# Air Drag in 1D

## Main Question or Discussion Point

I'm trying to derive the equations of motion for a particle falling in a uniform gravitational fill with air drag proportional to the square of velocity. However I'm getting the velocity as a complex number. Here is what I've done

The force of friction is $$F=-k\left(\dfrac{dx}{dt}\right)^2\dfrac{\textbf{v}}{||\textbf{v}||}=-k\left(\dfrac{dx}{dt}\right)^2$$

We put the particle stationary at $$x=0$$

The Lagrangian is $$\mathcal{L}=\dfrac{1}{2}m\left(\dfrac{dx}{dt}\right)^2-mgx$$

$$\dfrac{d}{dt}\left(\dfrac{\partial \mathcal{L}}{\partial \dot{x}}\right)-\dfrac{\partial \mathcal{L}}{\partial x}=-k\left(\dfrac{dx}{dt}\right)^2$$

$$m\dfrac{d^2 x}{dt^2}+mg=-k\left(\dfrac{dx}{dt}\right)^2$$

If we put $$c=\dfrac{k}{m}$$

$$\dfrac{d^2x}{dt^2}+c\left(\dfrac{dx}{dt}\right)^2+g=0$$

We put $$p=\dfrac{dx}{dt}$$

We have $$\dfrac{d^2x}{dt^2}=\dfrac{dp}{dt}=\dfrac{dp}{dx}\dfrac{dx}{dt}=\dfrac{dp}{dx}p$$

The differential equation becomes

$$\dfrac{dp}{dx}p+cp^2+g=0$$

$$\dfrac{p}{cp^2+g}\dfrac{dp}{dx}=-1$$

$$\int\dfrac{p}{cp^2+g}\,dp=-x$$

To solve the integral we put $$u=cp^2+g$$

$$\dfrac{du}{dp}=2cp$$

$$p=\dfrac{1}{2c}\dfrac{du}{dp}$$

$$\dfrac{1}{2c}\int \dfrac{1}{u}\,du=-x$$

$$\int \dfrac{1}{u}\,du=\ln |u|=\ln u$$ because $$u>0$$

$$\dfrac{1}{2c}\ln (cp^2+g)+A=-x$$

$$A(cp^2+g)=e^{-2cx}$$

At $$t=0,x=0,p=0$$

$$Ag=1$$

$$A=\dfrac{1}{g}$$

$$\dfrac{c}{g}p^2+1=e^{-2cx}$$

$$p^2=\dfrac{g(e^{-2cx}-1)}{c}$$

Now the sign of $$\dfrac{g(e^{-2cx}-1)}{c}$$ is determined by $$e^{-2cx}-1$$ which is not necessary positive definite.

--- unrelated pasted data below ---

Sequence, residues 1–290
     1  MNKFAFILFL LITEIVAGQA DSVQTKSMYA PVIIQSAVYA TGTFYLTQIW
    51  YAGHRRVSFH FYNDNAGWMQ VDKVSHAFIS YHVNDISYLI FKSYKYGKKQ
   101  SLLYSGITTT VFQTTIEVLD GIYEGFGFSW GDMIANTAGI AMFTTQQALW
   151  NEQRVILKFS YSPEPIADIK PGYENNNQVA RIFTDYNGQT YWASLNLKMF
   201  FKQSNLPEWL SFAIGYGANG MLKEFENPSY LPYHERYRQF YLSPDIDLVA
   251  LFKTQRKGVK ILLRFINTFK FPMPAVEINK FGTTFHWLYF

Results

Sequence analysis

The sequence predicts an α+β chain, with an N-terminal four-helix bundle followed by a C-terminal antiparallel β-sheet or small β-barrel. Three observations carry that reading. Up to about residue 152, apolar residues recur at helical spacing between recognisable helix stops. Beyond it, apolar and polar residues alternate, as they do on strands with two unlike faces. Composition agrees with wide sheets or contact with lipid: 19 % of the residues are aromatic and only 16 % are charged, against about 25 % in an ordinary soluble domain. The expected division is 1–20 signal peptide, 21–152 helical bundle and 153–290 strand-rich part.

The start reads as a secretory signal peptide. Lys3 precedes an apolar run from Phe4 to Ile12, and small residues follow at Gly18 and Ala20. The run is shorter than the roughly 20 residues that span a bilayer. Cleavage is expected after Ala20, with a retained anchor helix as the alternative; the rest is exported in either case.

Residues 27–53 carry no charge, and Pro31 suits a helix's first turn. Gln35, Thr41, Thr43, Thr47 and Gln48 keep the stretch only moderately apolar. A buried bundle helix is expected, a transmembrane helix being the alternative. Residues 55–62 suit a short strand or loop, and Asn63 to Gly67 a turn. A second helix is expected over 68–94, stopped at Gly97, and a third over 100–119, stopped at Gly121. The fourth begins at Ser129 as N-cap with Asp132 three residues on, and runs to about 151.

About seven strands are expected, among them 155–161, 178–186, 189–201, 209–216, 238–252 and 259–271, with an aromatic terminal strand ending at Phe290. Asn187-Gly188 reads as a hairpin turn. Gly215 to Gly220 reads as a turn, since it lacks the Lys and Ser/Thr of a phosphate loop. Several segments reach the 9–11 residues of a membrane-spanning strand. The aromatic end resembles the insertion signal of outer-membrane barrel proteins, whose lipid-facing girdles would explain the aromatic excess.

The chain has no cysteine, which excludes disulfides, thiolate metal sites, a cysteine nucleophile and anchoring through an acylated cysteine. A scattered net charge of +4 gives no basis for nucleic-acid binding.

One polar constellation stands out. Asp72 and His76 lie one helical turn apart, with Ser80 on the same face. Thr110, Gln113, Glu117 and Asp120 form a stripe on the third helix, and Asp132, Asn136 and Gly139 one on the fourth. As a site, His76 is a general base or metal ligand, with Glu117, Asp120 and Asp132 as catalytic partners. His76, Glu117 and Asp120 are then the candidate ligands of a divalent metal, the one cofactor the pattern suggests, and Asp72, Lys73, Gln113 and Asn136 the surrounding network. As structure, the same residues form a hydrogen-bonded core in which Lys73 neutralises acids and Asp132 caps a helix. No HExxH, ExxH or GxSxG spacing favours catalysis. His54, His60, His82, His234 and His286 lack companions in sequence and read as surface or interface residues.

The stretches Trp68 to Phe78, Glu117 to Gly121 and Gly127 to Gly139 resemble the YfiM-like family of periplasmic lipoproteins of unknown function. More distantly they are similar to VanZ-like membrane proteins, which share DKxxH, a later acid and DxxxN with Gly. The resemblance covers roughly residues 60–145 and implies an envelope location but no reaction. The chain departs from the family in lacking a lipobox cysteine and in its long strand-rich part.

In fact if we put $$c=1,x=1$$ we get $$e^{-2}-1<0$$ which means that $$p\in \mathbb{C}$$

But $$p=\dfrac{dx}{dt}$$ which makes no sense at all. Did I do something wrong?

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$$\dfrac{d}{dt}\left(\dfrac{\partial \mathcal{L}}{\partial \dot{x}}\right)-\dfrac{\partial \mathcal{L}}{\partial x}=-k\left(\dfrac{dx}{dt}\right)^2$$
The sign of the drag force in the above equation is wrong.
By the way, I don't see why we have to use Lagrangian here, since Newtonian method is much more simple.

EDIT: Actually you may change either the sign of the drag force or the sign of the potential energy, but only one of them. Both yield the same correct equation.

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$$m\dfrac{d^2 x}{dt^2}+mg=-k\left(\dfrac{dx}{dt}\right)^2$$
I think you have a sign issue here. Shouldn't it be:

$$m\dfrac{d^2 x}{dt^2}=mg-k\left(\dfrac{dx}{dt}\right)^2$$

Mass*acceleration equals the sum of the forces. The net force is gravity minus drag.

The sign of the drag force in the above equation is wrong.
By the way, I don't see why we have to use Lagrangian here, since Newtonian method is much more simple.

EDIT: Actually you may change either the sign of the drag force or the sign of the potential energy, but only one of them. Both yield the same correct equation.
Yes I see that now. Can you explain where I went wrong in my derivation of the friction.This is what I thought

$$F=-k\dot{x}^2 \hat{\textbf{v}}$$

$$\hat{\textbf{v}}=\dfrac{\textbf{v}}{||\textbf{v}||}=\dfrac{(\dot{x})}{\dot{x}}=(1)$$

Where the brackets denote a vector in the x direction.

Now obviously $$\hat{\textbf{v}}=(1)$$ is wrong, because the particle accelerates in the negative direction, but why?

Edit
Never mind. I find out on my own.

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There is nothing wrong with $$\vec{F}=-kv^2\hat{v}$$. But you must be careful when jotting down $$F = -kv^2$$ (*) (that means F<0). Since the ball is falling, the force must act upwards. So when you write (*), that means the positive direction of x axis is downward.
Now in order that potential energy V = mgx, the x axis must point upwards, which is inconsistent with (*) as explained above.